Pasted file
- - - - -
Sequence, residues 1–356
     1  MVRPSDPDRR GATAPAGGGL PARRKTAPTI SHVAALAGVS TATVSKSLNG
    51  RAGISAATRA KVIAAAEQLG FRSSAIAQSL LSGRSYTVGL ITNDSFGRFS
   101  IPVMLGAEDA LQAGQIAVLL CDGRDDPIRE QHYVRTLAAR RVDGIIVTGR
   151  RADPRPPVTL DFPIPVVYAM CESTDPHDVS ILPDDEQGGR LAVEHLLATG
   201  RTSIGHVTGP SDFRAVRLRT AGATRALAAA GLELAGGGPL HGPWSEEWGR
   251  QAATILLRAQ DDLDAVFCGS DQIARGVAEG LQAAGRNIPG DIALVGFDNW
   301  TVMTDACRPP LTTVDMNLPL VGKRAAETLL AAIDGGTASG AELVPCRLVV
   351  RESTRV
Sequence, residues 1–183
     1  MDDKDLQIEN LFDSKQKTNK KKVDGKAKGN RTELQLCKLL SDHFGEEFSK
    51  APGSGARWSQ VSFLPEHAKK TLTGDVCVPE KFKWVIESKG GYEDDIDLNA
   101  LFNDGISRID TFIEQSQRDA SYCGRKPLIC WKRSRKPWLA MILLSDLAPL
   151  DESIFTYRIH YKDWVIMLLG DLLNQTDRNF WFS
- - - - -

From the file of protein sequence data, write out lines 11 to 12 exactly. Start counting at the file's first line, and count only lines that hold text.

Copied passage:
     1  MDDKDLQIEN LFDSKQKTNK KKVDGKAKGN RTELQLCKLL SDHFGEEFSK
    51  APGSGARWSQ VSFLPEHAKK TLTGDVCVPE KFKWVIESKG GYEDDIDLNA